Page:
Like many middle class Chinese, the 26-year-old banker from Beijing spent the first two weeks of January celebrating the new year. She visited Dior, shopped at Walmart and lunched at Quanjude, the city’s best-known Peking roast duck restaurant. One evening, she watched a standup comedy show. And on one weekend, she drove with friends to a ski resort on the outskirts of the capital.
Last week it was announced she was Beijing’s Omicron “patient zero”. Authorities released a detailed account of her itinerary dating back to 31 December, and her mundane – if a little extravagant – lifestyle became the talking point of China. Authorities also noted that she had been triple vaccinated with Sinovac.
In a country striving to “eliminate” coronavirus, this meant that more than 13,000 people, and all the places visited by the young woman in Beijing – including the ski resort – have been swiftly tested. Her block of flats and workplace were also sealed off. In press conferences, officials urged caution to residents in the city of more than 20 million as they reassured them of the efforts they were taking to keep them safe.
Omicron is unlike previous variants. Chinese public health officials, like western scientists, admit it is highly transmissible and difficult to detect. At least nine cities across six provinces in mainland China have reported Omicron cases. Since 15 January, Beijing has reported fewer than 10 local infections of the Delta and Omicron variants. They are a tiny case count compared with the rest of the world but enough to raise alarm in the Chinese capital.
The reporting of cases in Beijing has come less than three weeks before the opening ceremony of the Winter Olympics on 4 February. On Monday, China’s president, Xi Jinping, vowed in a virtual speech at the Davos World Economic Forum that his country would present “a streamlined, safe and splendid Games to the world”.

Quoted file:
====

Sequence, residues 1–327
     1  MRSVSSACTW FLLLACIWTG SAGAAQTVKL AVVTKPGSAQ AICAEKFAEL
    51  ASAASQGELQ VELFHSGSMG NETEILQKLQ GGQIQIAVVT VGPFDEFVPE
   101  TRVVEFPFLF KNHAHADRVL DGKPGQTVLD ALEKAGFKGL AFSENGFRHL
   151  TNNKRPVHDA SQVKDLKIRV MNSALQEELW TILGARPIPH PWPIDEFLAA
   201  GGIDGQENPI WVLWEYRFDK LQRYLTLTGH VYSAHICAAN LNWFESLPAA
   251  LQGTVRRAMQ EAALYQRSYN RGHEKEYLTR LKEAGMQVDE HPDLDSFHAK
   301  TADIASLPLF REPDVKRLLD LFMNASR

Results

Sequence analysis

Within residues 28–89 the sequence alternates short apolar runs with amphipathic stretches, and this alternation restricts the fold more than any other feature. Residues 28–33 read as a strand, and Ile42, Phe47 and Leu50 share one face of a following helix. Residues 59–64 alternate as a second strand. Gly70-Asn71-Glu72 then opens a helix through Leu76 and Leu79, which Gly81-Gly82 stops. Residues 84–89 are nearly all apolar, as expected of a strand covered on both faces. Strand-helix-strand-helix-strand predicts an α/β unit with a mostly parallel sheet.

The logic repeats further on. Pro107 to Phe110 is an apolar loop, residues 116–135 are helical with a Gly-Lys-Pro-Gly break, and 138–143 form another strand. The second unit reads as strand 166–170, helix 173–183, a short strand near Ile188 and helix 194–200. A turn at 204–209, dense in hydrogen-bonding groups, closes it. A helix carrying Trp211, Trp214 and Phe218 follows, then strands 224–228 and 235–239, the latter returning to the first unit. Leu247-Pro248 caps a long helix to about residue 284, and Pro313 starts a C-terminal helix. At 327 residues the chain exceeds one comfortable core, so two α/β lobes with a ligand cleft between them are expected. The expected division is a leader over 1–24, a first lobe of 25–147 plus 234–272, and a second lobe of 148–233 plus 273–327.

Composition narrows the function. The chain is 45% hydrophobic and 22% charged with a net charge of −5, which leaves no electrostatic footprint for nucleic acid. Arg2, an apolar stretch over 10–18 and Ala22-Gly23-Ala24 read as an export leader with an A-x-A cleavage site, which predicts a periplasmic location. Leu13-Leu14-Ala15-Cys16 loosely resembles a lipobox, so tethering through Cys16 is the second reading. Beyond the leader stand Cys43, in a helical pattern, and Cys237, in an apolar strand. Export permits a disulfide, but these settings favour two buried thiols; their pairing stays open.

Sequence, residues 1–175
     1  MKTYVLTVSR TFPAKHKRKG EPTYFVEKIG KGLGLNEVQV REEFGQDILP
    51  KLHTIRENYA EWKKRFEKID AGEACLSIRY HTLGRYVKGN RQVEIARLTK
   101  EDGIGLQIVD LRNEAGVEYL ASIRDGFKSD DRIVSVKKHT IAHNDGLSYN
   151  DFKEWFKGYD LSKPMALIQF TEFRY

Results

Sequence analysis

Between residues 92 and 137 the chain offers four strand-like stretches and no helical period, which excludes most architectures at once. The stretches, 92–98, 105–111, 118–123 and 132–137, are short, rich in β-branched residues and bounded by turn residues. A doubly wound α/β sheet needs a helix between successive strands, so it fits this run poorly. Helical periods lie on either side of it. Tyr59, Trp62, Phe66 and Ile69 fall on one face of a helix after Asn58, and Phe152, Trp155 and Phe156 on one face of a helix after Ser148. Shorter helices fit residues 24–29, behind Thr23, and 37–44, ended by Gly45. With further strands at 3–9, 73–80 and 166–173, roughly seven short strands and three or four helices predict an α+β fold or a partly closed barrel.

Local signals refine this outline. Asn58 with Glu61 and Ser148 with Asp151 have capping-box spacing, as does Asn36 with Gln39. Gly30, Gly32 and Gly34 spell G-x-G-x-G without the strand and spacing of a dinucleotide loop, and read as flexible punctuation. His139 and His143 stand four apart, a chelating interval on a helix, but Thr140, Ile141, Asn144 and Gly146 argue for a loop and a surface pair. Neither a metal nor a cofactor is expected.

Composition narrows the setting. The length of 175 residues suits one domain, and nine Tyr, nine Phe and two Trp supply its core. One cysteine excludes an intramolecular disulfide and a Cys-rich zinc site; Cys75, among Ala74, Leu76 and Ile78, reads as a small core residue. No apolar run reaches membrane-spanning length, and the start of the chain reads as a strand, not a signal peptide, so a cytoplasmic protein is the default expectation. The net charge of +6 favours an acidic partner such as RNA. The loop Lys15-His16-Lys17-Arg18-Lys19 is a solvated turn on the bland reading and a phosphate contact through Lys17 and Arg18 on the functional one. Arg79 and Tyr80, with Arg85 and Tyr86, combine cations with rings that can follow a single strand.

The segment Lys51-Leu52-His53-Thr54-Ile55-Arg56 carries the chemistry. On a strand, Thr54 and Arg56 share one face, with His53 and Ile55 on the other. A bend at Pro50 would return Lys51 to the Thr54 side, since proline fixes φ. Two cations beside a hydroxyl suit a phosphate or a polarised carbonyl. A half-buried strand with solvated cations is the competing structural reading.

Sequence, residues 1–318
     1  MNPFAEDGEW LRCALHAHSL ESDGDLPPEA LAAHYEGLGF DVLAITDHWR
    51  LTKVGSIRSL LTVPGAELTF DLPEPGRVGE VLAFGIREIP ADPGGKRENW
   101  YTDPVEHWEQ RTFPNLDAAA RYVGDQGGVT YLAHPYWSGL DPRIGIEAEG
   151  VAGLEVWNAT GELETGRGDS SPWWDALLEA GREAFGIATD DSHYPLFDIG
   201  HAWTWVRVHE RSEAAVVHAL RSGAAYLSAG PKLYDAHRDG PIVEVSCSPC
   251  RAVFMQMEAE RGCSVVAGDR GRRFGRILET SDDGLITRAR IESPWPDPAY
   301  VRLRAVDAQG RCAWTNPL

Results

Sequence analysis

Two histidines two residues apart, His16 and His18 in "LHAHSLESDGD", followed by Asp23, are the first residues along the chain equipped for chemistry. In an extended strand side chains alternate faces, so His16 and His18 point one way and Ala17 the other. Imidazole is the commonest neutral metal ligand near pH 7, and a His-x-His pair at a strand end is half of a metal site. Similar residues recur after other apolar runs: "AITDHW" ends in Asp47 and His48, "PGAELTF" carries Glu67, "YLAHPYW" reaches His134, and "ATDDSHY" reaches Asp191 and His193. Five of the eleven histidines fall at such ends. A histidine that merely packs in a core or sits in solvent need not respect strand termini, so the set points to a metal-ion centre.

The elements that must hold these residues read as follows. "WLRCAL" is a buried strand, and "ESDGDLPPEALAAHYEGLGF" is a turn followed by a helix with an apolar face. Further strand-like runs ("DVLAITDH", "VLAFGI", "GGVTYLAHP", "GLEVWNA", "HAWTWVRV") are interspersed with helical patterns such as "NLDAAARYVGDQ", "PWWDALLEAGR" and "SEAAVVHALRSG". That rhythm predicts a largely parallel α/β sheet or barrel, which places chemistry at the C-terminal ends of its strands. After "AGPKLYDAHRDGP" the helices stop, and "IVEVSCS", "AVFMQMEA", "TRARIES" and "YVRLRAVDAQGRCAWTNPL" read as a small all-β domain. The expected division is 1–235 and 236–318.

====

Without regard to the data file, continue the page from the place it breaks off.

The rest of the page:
There is a clear sense of urgency in the Chinese capital, partly because of the lunar new year celebrations, which begin on 1 February. The official holiday travel period began on Monday, and is expected to be busier than the previous two years but still nowhere near pre-pandemic levels. People have been asked not to travel, but few mandates are in place.
Instead, there are myriad rules and regulations, which students and migrant workers, in particular, are furiously studying to see if they can get home for the holiday. Some worry they will be blocked from returning to Beijing after the holiday, or sent into unaffordable hotel quarantine.
A 39-year-old delivery driver, who gave the pseudonym Zhang Wei, said he had heard of the calls to stay in place for the holiday but didn’t know specifics. His company has offered overtime pay and other subsidies for those who stay back and work.
Zhang told the Guardian he has lived as a migrant worker in Beijing for 14 years, and sometimes wouldn’t get home for a year, but this year will be the third year in a row he hasn’t made it home for Spring Festival.
“Of course I miss [my family], but my job requires me to stay here, I don’t have any solutions,” he said.
“My home is close to Xi’an, and Xi’an has a serious situation. If we pass by Xi’an, our health code might become yellow and we might have to be quarantined. There is a lot of inconvenience, but (the policy) is necessary.”
The outbreak was scary, he said, but he thought it was being well controlled in Beijing.
Authorities are showing little tolerance, suspending flights and rail routes, and cancelling Olympic ticket sales for the general public. Some cities and provinces have also banned some entrants coming from virus hotspots, while others have enacted mandatory testing, entry applications, or other measures.